Alex Gonzalez flagged down the relay throw from Jason Bay and swiftly unleashed a throw to the plate. As well as the whole thing was executed, it was going to be for naught, because Snider had the throw beat.
Or so it seemed. As Snider was about to cross home, Jason Varitek instinctively stuck his leg out to block Snider's path to the plate. Snider never touched the plate. Varitek applied the tag, and the Red Sox had a game-saving play in what wound up a topsy-turvy 6-5 victory on Friday night.
Reliever Daniel Bard, who thought he had given up a crushing hit, marveled at the work of his teammates, particularly Varitek.
"It looked like Snider could have broken his shin on that -- that was impressive," said Bard. "That's how they teach it. That was impressive. I'm not going to lie, especially since you know that ball was wet. The rain was coming down pretty good for like three pitches before that. That ball bounced around the corner and they got it in, and that was the play of the game if you ask me."
Bay and Gonzalez were the setup men, but Varitek was the finisher on a night the Red Sox took a 2 1/2-game lead over the Rangers in the American League Wild Card standings.
The Red Sox (74-54) took the lead in the bottom of the eighth on a fielder's-choice RBI grounder by pinch-hitter Casey Kotchman. And Jonathan Papelbon nailed down save No. 31 by wiggling out of a bases-loaded one-out jam in the ninth.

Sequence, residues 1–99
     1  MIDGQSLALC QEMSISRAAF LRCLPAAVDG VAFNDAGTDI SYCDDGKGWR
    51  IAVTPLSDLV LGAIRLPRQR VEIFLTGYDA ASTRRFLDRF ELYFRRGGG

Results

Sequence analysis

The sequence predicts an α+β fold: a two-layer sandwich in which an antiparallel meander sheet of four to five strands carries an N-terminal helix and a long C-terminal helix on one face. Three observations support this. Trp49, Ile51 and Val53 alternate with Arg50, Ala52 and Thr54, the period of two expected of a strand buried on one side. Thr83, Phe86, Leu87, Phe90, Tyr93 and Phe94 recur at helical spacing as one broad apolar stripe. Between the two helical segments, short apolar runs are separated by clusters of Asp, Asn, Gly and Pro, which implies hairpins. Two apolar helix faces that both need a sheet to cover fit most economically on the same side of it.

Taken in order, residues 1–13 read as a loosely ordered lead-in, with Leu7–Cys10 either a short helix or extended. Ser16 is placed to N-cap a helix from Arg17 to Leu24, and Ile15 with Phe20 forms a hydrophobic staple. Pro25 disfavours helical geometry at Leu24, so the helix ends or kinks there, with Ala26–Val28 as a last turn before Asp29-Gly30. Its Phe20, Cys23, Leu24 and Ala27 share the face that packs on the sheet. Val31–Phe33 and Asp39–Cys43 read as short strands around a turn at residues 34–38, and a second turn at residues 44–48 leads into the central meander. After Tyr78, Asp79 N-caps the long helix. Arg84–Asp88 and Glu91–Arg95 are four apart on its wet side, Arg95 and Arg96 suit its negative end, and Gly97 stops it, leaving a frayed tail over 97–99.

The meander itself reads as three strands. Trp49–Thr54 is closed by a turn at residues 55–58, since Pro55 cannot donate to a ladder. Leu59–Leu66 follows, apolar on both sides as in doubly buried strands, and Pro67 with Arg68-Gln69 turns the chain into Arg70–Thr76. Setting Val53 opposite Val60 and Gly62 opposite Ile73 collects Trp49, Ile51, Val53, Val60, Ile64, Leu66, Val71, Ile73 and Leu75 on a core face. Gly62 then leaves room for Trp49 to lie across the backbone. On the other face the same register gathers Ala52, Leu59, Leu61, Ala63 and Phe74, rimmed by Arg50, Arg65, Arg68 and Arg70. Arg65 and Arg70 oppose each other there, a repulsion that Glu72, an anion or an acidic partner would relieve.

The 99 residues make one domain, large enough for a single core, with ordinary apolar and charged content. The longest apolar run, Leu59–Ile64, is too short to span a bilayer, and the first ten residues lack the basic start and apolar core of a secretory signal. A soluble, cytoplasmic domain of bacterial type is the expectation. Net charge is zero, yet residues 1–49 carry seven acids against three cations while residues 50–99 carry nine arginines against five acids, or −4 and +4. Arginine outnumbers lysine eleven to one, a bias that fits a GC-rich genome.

Still though, the postgame talk centered around the ruggedness of the captain.
"He's a warrior, man," Bard said of Varitek. "He's intimidating when you see him walking out in his full gear, and that's exactly why. He's a competitor, and that's the reason the Red Sox still want him here, because he does stuff like that for the team. That's not going to show up in the stats or it's not going to be in the box score tomorrow, but that's as big a play as you could ask for on a night like tonight."
For sure, it was a night that could have been demoralizing for the Red Sox. For the third consecutive start, ace Josh Beckett struggled. The right-hander gave up five hits and five runs over five innings, walking five and striking out nine. Over his past three starts, Beckett has a 9.82 ERA and has given up 10 home runs.
"I was happy we won," said Beckett. "Besides that, I'm obviously not that impressed by myself. We ended up pulling it out, and that's the good thing about being on a good team."
Beckett would have been in line for the loss, if not for Bay belting a towering two-out two-run homer to left field in the bottom of the fifth to tie the game at 5.
As soon as Varitek had snuffed out the run at the plate in the eighth, the rain intensified to the point where the tarp came onto the field. The rain delay lasted 49 minutes.
Hideki Okajima, at long last, finished that eighth after the delay by retiring Aaron Hill on a flyout to right. Though he faced just one batter, Okajima (5-0) earned the win, thanks to that Boston rally in the bottom of the eighth.
It started with a leadoff walk by David Ortiz. J.D. Drew followed with the key hit of the inning, a one-out double to center that moved Ortiz to third.
Drew has been red-hot of late.
"He has that ability," said Red Sox manager Terry Francona. "We saw last June when he did that, and we were a different team then. And when he swings the bat like this, we can be a different team now."